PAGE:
This is tucked away in a remote pocket of Crete’s south-western corner, so you could be forgiven for thinking you might have it all to yourself. But the lagoon beach is known to many island regulars, and gets busy on a summer weekend. Its raw beauty is undeniable, with glassy aquamarine waters and swirls of pastel-pink sands kissing the shore – a natural phenomenon caused by thousands of shells washing up over the years and tingeing the white sands. Sunbeds and umbrellas for hire are scattered across the main beach and lagoon; the shallow waters are perfect for families. If you’re in need of a bit more privacy, do as the naturists do and head to the island’s coves and dunes beyond for a more peaceful patch of sand.
The short, winding drive down to Falassarna can be a little uninspiring with sea views blocked by greenhouses plonked across the olive groves. But when you reach this broad sweep of beach, all is vindicated. This is one of the finest beaches in Crete with plenty of room to spread your towel, superbly clear water and see-forever views. A handful of tavernas and villas to rent dot the sloping hill backing the beach. While the waves rolling off the Mediterranean may not be ideal for families, windsurfers are in their element here, and everybody appreciates the famous Falassarna sunsets, when the burning orange slowly melts into that incredible sea.
At the meeting point of the Megalopotamos river and the Libyan Sea, Preveli is as pretty as they come. Backed by the craggy cliffs of Kourtaliotiko Gorge and with jungly riverbanks lined with tall, lush palms, it could be mistaken for being the setting for the TV series Lost. There is a catch to all of this, though. Access to the beach requires a knee-pounding climb down a steep path (and a real thigh-burner on the way back up), but waiting at the bottom are bone-white sands and clear waters for snorkelling. Preveli should be visited not only for the beach but also for the nearby Preveli Monastery, a magnificent building set on a hill overlooking the Libyan Sea. Aside from a few snack bars in summer and a taverna near the car park, there’s not much here – its remoteness is one of its charms.
You may recognise Balos from its appearances in numerous Crete travel brochures, beckoning visitors with the promise of lily-white sands, vivid turquoise waters and a wonderfully wild and remote setting on the Gramvousa Peninsula. It’s a promise the reality lives up to. Backed by scrubby hills, the beach and its lagoon is not easy to reach, but that doesn’t put off the regulars who brave the precarious and rocky dirt-road drive to get here, or the daytrippers who hop aboard a boat for a precious couple of hours. Pack yourself a picnic as there’s nowhere to buy food or drink here.
Hugging Messara Bay in southern Crete, Kommos is a beautiful wide arc of sand backed by dunes and ringed by patchy green mountains. A steep, winding road leads down to the swirling Smurf-blue waters, pearl-white sands and views of ancient Minoan settlement ruins (off limits to the public). The wind produces some decent-sized waves here so it’s not suitable for young families, though the nudists at the northern end of the beach don’t seem to mind. At the southern end of the beach there are sunbeds and umbrellas for hire and a couple of tavernas that happen to be the perfect spot for a sunset drink.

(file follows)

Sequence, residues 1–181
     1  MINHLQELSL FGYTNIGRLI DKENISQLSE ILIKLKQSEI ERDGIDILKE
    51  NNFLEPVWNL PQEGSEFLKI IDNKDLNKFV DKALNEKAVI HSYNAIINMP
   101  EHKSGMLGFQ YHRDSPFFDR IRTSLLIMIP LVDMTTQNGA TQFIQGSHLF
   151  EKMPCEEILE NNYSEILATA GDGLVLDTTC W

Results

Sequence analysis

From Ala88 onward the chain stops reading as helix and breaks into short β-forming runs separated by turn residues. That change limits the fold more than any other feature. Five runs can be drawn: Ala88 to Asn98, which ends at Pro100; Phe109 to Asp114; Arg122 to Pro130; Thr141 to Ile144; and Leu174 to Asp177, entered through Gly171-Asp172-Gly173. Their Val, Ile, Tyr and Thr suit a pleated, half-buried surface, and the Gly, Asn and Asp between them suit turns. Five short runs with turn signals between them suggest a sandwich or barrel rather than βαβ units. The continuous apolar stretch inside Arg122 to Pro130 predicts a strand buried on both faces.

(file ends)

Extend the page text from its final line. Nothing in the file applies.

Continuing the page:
A once laid-back fishing village that was discovered by hippies back in the 1960s, the legendary Matala, not far from Kommos Beach, is no longer a best-kept secret. So it’s best visited slightly out of season. Mythology has it that this was the spot where Zeus swam ashore under the guise of a bull with the kidnapped Europa on his back. The gently rippling waters of the Messara Bay are flanked by honeycomb-like sandstone cliffs and mysterious caves. Explore this incredible landscape before grabbing a meal at one of the restaurants overlooking the water.
In the Lasithi province, Crete’s easternmost region, lies a little slice of the Caribbean. The calm, shimmering water of the beach at Vaï is backed by a large grove of swaying Cretan date palm trees. The small beach can get busy, but to escape the worst of the crowds, take the 30-minute stroll along the trail that heads to the ancient Minoan site of Itanos, where you’ll find a trio of small, secluded bay beaches.
In a hidden corner on the north-eastern side of Crete’s Akrotiri Peninsula, just a short drive from Hania, this secret cove is well worth the hair-raisingly steep and winding downhill drive to get here. It’s tiny, there is nothing else there, and your nerves might be shot after those tight hairpin turns – but there’s a reason why locals make the trip out here: one look at that narrow strip of eye-popping, near-fluorescent-blue water wedged between rising cliffs makes this a beach you won’t forget in a hurry. You can simply take in the views from the top of the hill or scramble down the rocky path to claim your patch of sand and to take a dip.